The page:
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Archive for Music

Instagram’s New Curated Video Channels

Instagram's new suggested video channel

In something of a muscle move onto the territory of video-sharing giants like YouTube, Instagram have created a new curated channel that collects suggested video content from across the social network. “Videos You Might Like” has now been rolled out on the network’s Explore page for all users.

Back in April, Instagram announced the new video-discovery channel in a post on their blog, and on July 26th, 2016 confirmed in an update that video channels had been rolled out globally on Explore.

“As people share more and more videos than ever before, we’re making it easier to discover the ones you’ll love. To begin, you’ll find a personalized channel called “Videos You Might Like” that collects videos from across Instagram’s global community into a seamless viewing experience…”

The social network has slowly been investing more and more into video. Recently, back in March, they announced the introduction of longer, 60 second videos. According to their research, over the 6 months previous to the update users had increased time spent watching video by over 40 percent. Other developments included the re-introduction of video creation from multiple clips for iOS. In the statement, the network claimed that “longer videos mean more diverse stories from the accounts you love…”

The development of curated video channels makes it clear that they intend to hold true to their promise of developing a user’s video experience, and also shows that they are more than willing to make developments in line with trends in order to complement the natural growth of the network.

Adding features that complement seamless content discovery is integral to the expansion of content-focused networks like Instagram. One of the biggest and most significant developments was their complete overhaul earlier in the year that saw a total re-brand and a new interface that centred on user-generated content.

“Videos You Might Like” will include suggested videos based on each specific user’s activity and will appear on the network’s Explore page. Other featured channels will also begin to appear in the coming months, to complement global events such as the 2016 Olympics and the Cannes Film Festival.

How to do Social Media for Musicians

Social Media for Musicians

If there are two things that have gone hand in hand since the development of digital media it’s music and social media. Social networking can be a vital communication and hype­-building channel between musician and fans. However, these are two constantly evolving industries, and so keeping on top of marketing yourself can be both stressful and time consuming.

Social media is a community­-building tool. That means that it should play right into the hands of anybody pursuing a music career. It doesn’t take a genius to recognise the importance of exposure and developing a fan base for musicians. Social networking gives you a platform that allows you to reach new potential fans, develop that base and keep them constantly clued in on new releases, gigs and news. However, a lot has changed over the past few years, and doing that well isn’t necessarily as easy as it once was.

The digital landscape is awash with people competing to be the next big thing, and many will stop at nothing to encourage users to back them. Therefore, just like any other business, social media for a musician requires nothing less than a careful and considered approach.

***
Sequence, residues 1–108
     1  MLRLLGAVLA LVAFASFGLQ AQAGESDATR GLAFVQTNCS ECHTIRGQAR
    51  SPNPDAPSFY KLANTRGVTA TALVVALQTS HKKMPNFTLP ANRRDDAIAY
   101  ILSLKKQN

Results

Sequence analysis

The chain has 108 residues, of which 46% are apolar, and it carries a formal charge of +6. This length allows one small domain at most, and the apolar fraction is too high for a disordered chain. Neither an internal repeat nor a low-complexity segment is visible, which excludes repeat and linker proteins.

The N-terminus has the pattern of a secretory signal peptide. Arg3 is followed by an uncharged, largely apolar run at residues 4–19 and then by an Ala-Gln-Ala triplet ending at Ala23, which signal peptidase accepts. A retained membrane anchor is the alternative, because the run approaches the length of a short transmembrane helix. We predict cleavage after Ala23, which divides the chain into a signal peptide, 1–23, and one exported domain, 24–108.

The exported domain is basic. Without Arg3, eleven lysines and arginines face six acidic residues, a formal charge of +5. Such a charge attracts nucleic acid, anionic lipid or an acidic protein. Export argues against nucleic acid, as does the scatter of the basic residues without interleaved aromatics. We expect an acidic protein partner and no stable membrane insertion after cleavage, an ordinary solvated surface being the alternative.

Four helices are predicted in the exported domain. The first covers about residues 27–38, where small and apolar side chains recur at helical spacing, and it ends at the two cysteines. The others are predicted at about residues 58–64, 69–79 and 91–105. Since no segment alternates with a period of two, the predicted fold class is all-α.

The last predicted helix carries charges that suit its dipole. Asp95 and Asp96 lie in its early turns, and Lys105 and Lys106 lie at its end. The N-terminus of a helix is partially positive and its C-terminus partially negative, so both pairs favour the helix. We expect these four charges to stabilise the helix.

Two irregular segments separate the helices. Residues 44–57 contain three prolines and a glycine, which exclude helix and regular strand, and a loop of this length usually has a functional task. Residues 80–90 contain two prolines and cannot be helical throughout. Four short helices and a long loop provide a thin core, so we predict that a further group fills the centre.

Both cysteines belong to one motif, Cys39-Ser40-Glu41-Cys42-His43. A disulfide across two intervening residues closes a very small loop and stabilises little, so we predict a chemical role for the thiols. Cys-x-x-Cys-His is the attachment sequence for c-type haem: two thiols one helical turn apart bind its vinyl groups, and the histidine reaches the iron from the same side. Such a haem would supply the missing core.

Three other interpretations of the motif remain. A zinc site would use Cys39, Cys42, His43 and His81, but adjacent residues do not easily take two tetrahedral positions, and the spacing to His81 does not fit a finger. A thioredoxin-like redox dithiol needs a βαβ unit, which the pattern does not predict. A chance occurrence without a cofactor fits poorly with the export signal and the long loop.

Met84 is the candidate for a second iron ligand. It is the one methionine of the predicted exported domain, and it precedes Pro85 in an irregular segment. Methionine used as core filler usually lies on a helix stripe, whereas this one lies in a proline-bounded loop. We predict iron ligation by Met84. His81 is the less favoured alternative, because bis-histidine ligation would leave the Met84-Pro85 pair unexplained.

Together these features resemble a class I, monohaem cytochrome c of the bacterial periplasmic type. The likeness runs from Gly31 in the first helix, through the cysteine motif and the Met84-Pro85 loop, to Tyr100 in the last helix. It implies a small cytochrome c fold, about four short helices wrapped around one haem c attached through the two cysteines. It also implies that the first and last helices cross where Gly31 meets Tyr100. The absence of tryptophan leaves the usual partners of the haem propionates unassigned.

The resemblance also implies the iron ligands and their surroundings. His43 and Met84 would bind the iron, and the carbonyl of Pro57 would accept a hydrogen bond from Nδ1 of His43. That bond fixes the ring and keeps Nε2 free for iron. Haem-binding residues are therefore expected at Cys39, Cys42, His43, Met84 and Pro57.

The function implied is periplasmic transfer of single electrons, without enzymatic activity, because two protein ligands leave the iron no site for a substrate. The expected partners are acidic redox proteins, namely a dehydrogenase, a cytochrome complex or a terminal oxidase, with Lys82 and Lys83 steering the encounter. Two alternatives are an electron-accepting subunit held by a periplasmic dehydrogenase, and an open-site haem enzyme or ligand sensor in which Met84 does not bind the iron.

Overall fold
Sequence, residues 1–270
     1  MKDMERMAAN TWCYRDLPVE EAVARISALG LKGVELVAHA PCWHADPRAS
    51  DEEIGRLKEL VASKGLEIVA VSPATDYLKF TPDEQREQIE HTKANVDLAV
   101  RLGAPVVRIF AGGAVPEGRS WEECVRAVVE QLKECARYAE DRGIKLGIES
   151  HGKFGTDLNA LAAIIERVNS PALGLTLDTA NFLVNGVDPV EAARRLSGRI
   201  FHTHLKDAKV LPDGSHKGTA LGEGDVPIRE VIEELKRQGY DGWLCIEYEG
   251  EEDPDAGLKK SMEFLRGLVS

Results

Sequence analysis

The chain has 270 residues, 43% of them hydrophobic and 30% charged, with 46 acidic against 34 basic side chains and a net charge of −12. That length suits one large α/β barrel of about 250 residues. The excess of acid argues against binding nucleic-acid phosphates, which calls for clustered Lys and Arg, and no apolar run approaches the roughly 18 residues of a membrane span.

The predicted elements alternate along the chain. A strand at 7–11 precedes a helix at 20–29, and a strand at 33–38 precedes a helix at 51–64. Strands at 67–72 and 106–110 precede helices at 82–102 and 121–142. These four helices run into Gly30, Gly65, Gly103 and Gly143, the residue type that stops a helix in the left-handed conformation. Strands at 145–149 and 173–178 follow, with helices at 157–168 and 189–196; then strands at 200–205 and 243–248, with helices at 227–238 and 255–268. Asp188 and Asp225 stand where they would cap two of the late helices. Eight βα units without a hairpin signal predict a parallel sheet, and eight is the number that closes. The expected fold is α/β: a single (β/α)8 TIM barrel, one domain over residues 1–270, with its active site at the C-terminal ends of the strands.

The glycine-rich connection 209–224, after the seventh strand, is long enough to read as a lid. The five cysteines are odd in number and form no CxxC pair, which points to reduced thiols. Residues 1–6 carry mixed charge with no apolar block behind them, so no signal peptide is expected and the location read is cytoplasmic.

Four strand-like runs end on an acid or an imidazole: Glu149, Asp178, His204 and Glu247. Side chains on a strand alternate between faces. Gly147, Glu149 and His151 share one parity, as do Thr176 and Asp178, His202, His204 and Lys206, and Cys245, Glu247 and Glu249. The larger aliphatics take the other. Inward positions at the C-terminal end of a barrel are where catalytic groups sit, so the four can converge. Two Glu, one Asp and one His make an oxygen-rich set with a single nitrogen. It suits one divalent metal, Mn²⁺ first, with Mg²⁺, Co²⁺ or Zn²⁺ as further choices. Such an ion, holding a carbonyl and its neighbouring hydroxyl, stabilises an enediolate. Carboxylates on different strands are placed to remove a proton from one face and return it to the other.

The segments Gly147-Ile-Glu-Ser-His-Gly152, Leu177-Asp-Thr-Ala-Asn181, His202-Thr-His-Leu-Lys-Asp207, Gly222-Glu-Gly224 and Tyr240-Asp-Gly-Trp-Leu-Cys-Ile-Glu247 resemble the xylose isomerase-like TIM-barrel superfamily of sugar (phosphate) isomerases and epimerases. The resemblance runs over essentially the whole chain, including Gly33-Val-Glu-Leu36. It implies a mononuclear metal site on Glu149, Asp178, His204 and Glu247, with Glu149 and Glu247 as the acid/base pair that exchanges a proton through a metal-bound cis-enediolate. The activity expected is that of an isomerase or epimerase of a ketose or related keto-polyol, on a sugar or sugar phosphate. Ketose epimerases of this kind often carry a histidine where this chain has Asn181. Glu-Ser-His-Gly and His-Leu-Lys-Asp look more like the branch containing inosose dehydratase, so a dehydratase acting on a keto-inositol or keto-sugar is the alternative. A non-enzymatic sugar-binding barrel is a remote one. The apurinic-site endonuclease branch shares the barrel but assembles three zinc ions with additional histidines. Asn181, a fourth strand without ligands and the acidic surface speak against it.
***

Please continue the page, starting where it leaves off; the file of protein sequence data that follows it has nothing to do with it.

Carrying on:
Focus your social media efforts

Before you get going marketing your music, there are few things you need to consider. Chances are that not being a fully­-fledged social media manager you won’t have the time to constantly post, engage and interact across tonnes of different networks. The majority of your time is probably taken up by other things ­- things like writing music and playing gigs we’d imagine!

Sporadic posting can look a little lacklustre and a little bit amateur. If users think that you don’t put the effort in on your social pages they might subconsciously think that you don’t put effort into creating awesome music too ­ and nobody wants that. Therefore it’s far better to identify where the majority of your audience hang out and spend time developing your presence their. A winning social strategy calls for consistency as much as it does quality content.

Which social networks should you use

Choosing the right networks depends on a number of contributing factors, including your genre, your location and your proficiency with each network. Back in 2015, musician come digital entrepreneur David Andrew Wiebe identified the top social networks for musicians as Facebook, Twitter, LinkedIn, Pinterest, Google+, Tumblr, Instagram, Bandcamp, SoundCloud and ReverbNation.

David’s points are awesome but we’d be inclined to say that out of these we feel the most appropriate are really Facebook, Twitter, Instagram and the music networks. Unless you are a marketing guru, you probably won’t have much call for the others. We’d also certainly recommend that you consider adding YouTube and Snapchat into the mix, especially now that daily usage has overtaken Twitter. Soundcloud, Bandcamp and ReverbNation are important for obvious reasons that we won’t go into here, but the other three could prove incredibly lucrative in building hype and developing your fan base.

  • Facebook: ​As the world’s biggest social network, you really should be on Facebook. Your Facebook page is the modern day equivalent of what a band’s Myspace was back in 2006 ­ with the added bonus of an active user base exceeding 1 billion daily. That’s an awful lot of potential fans. A regularly updated Facebook page really is the bare minimum for any musician serious about getting discovered.